Moabite Stone - A basalt stone, bearing an inscription by King Mesha, which was discovered at Dibon by Klein, a German missionary at Jerusalem, in 1868. It was set up by Mesha as a record and memorial of his victories. It records (1) Mesha's wars with Omri, (2) his public buildings, and (3) his wars against Horonaim. This inscription in a remarkable degree supplements and corroborates the history of King Mesha recorded in 2 Kings 3:4-27 . ... This ancient monument, recording the heroic struggles of King Mesha with Omri and Ahab, was erected about B
Jahaz - On the Moabite stone, King Mesha of Moab claims an Israelite king (perhaps Jehu) built Jahaz and used it as a base in his unsuccessful fight against Mesha, Chemosh, the Moabite god driving the Israelites out. Mesha then annexed the city to Dibon
Baal Meon - The famous Moabite stone of Dibon mentions that as Omri made Medeba a military center for opposing Moab, so Mesha occupied Baal Meon as his center for assailing Israel; "I Mesha, son of Kamos (Chemosh), fortified Baal Meon, and I besieged and took Kiriathaim and Nebo," etc
Mesha - Mesha (mç'shah), deliverance. Jehoram determined to punish him; but Mesha made the horrible sacrifice of his eldest son to some idol god, openly upon the wall, in sight of the Israelites, who fearing that they might incur the anger of God by having given occasion to a human sacrifice, retreated to their own country
Joktan - See Mesha ; Sephar
Sharon, Plain of - Area of uncertain location east of the Jordan inhabited by the tribe of Gad (1 Chronicles 5:16 ) and mentioned by King Mesha of Moab. See Mesha
Almon-Diblathaim - of the Arnon) and the Abarim range (Numbers 33:46-47); probably the same as Beth-Diblathaim of Moab (Jeremiah 48:22), which Mesha mentions in the famous Moabite stone as "built" by him and colonized with Moabites
Beth-Diblathaim - , Mesha, king of Moab, bragged that he built the city, as recorded on the Moabite Stone
Mesha - After the death of Ahab at Ramoth-Gilead, Mesha shook off the yoke of Israel; but on the ascension of Jehoram to the throne of Israel, that king sought the help of Jehoshaphat in an attempt to reduce the Moabites again to their former condition. The whole land was devastated by the conquering armies, and Mesha sought refuge in his last stronghold, Kir-harasheth (q. The exploits of Mesha are recorded in the Phoenician inscription on a block of black basalt found at Dibon, in Moab, usually called the "Moabite stone" (q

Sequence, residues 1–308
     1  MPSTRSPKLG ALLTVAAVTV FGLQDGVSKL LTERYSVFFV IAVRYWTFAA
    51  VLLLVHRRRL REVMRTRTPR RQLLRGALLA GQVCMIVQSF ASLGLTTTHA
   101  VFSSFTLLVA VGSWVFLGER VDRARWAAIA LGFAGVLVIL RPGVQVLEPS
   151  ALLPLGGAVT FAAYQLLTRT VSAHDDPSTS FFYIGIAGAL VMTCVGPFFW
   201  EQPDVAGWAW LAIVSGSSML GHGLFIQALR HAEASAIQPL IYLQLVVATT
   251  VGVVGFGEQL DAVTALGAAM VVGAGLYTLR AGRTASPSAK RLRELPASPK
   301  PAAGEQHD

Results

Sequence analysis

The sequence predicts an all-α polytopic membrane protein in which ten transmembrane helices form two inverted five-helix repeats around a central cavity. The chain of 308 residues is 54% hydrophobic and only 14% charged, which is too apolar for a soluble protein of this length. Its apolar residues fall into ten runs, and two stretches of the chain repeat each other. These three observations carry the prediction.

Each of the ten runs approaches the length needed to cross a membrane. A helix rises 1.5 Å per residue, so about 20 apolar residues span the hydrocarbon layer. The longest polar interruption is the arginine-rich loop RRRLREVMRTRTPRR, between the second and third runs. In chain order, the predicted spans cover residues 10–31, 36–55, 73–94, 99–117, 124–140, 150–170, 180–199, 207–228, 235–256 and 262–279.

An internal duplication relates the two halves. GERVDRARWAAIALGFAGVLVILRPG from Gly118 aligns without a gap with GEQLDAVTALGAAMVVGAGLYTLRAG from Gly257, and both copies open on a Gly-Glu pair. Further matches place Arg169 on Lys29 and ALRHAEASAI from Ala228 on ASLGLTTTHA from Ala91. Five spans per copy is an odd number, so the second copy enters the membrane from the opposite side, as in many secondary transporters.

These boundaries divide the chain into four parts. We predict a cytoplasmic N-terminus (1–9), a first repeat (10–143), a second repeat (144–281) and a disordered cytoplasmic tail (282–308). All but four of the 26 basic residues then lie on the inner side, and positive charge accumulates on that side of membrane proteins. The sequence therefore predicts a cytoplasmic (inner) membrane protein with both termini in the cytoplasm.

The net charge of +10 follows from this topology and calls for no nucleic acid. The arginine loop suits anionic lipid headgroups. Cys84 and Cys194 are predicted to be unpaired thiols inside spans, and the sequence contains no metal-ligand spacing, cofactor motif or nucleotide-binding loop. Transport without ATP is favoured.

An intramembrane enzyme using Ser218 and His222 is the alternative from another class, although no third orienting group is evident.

Bezer - Mesha, king of Moab about 830 B
Kir-Haraseth - After the death of Ahab, Mesha, king of Moab (see 2 Kings 3:20-27 )
Bamoth-Baal - ” Mesha, king of Moab about 830 B
Moabite Stone - It records the victories of Mesha, king of Moab, esp
Chemosh - ), Mesha (2 Kings 3:5 ) ascribes his victories over the king of Israel to this god, "And Chemosh drove him before my sight
Moab And the Moabite Stone - Moab's agricultural productivity is illustrated by the biblical passages pertaining to Ruth and King Mesha, surely the two best-known Moabites from the Bible. King Mesha, we are told, “was a sheep breeder; and he had to deliver annually to the king of Israel a hundred thousand lambs, and the wool of a hundred thousand rams” (2 Kings 3:4 RSV). The siege was lifted when King Mesha of Moab sacrificed his oldest son on the city wall. This stone, which bears an inscription from the reign of the same King Mesha mentioned in 2 Kings 3:1 , was discovered in 1868, near the ruins of ancient Dibon, by a German missionary. Known also as The Mesha Inscription, the monument reports the major accomplishments of King Mesha's reign. , the time of the Omri dynasty of Israel and King Mesha of Moab (1Kings 16:15–2 Kings 10:18 ). King Mesha ascended the throne of Moab approximately midway during Ahab's reign, however, and eventually succeeded in throwing off the Israelite yoke. Mesha apparently began the struggle for Moabite independence during the turbulent years following Ahab's death (2 Kings 1:1 ). Ahaziah, who succeeded Ahab to the throne of Israel, was unable to respond to Mesha's challenge because of an accident which led to his premature death (2 Kings 1:1 ). Later, when Jehoram followed Ahaziah to the throne of Israel and attempted to restore Israelite control over Mesha, he was unsuccessful (2 Kings 3:1 ). See Kir-hareseth ; Arnon River; Transjordan ; King Mesha; Ruth ; Jehoram (of Israel); Jehoshaphat